The WWE reacted very quickly on their website after the news broke. The WWE’s focus of concern was on “the sensationalistic reporting and speculation being undertaken by some members of the media following the press conference held by the Fayette County Sheriff’s Department and the District Attorney. During the press conference, the investigating authorities made the following points, all of which run contrary to the media speculation that "roid rage" was a factor in the senseless murders and suicide:
The authorities stated that all drugs found in the house were believed to be legal prescriptions.
Steroids were not, and could not, be related to the cause of death (asphyxiation). Authorities had no factual basis to speculate as to Benoit’s state of mind, and rightly did not do so.
It’s how you craft a tale that often impacts how you’ll be remembered. Regardless of whether or not Benoit had recently used performance-enhancement drugs and the impact they have on the human body (that’s not the basis for this Insider Report), to try and steer the media away from suggestions wasn’t “sensationalistic reporting and speculation” but instead “suggested deliberate thought, not rage” suggests whomever manages that company doesn’t fully understand the ticking bomb that exploded in Chris Benoit’s mind late last week.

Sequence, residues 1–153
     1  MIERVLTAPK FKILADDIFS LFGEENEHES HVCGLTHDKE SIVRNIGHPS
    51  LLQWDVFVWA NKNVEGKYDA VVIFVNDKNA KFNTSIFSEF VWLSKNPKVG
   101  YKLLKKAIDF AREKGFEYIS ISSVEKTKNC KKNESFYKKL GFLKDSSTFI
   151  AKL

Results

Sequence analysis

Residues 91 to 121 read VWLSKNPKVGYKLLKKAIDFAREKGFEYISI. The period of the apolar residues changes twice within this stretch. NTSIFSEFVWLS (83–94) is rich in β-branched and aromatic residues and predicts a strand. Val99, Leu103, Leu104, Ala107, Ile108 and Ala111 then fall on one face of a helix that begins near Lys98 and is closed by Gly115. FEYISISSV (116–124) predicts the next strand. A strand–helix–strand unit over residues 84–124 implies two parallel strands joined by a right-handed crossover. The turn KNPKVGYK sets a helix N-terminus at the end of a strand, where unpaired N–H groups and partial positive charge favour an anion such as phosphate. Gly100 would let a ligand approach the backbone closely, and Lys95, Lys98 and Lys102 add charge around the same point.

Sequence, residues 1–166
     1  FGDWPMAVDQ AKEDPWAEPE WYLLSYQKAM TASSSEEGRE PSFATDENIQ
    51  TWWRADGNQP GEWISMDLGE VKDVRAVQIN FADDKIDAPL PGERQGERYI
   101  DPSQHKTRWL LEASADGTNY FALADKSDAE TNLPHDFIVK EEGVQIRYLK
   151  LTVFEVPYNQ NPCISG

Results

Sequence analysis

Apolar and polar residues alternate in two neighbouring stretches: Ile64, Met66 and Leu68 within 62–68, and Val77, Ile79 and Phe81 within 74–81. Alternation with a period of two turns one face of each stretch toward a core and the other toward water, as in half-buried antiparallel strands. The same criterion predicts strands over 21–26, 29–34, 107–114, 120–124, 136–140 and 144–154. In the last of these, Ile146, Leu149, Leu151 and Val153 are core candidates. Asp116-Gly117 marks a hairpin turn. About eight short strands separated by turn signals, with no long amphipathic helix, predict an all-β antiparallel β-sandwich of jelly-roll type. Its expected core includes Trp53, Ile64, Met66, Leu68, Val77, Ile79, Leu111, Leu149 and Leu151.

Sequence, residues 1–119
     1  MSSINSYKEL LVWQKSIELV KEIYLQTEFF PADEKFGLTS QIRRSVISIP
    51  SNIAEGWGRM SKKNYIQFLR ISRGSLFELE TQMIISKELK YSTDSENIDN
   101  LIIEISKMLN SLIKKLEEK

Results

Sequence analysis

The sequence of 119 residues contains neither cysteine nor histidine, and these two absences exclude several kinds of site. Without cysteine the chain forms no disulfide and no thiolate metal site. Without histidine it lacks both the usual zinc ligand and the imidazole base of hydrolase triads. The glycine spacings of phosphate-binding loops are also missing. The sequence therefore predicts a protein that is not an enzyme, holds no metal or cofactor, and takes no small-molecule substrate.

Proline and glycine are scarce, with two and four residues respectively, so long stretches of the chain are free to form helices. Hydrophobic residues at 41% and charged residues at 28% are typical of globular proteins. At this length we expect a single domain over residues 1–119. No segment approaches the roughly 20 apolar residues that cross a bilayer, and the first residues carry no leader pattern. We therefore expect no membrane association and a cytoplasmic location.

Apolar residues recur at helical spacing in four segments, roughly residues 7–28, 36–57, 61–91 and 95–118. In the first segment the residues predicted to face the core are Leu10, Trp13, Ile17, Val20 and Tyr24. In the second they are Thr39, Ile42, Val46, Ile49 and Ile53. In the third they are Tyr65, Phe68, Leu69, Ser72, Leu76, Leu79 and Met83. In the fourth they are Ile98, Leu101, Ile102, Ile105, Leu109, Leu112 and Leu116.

Thursday morning a distraught looking Vince McMahon appeared on NBC’s Today Show, doing the best he could to stem the growing storm enveloping his billion dollar business.
“This is a horrific tragedy,” he said. “It happened in pro wrestling. There’s a rush to judgment. There’s almost a hysteria around us.”
And at the least, McMahon admitted the obvious Thursday morning on The Today Show:
“Steroids may or may not have had anything to do with this,” McMahon told TODAY co-host Meredith Vieira. “It’s all speculation until the toxicology reports come back.”
McMahon said that Benoit was known to the organization as “a mild-mannered individual,” adding, “there was no way of telling this man was a monster.”
“Everybody in this organization, to my knowledge, is well-adjusted family people,” McMahon said. “They go to work like everybody else. They’re performers. We put smiles on faces. That’s our job description, not to be tainted and smeared by this.”
Those are all fair points but at the same time the engineer of the billion-dollar WWE, the man who leads the company that “puts smiles on faces” has to appreciate any company would be held accountable if they employed someone who McMahon referred to as a “madman” Thursday morning on national TV.
And here’s what went wrong Thursday morning for Mr. McMahon and his billion dollar company. For a business leader at times so consumed by his image and the perception of his business, McMahon looked tired, upset and haggard Thursday. In complete fairness and understanding how else would anyone appear if their in the middle of the greatest siege in their company’s history but the optics of how terrible McMahon looked made an already bad situation that much worse. Non verbal communications is often more important than the words professionals use – and if a picture speaks a thousands words the McMahon look Thursday morning didn’t help the crisis his company is experiencing.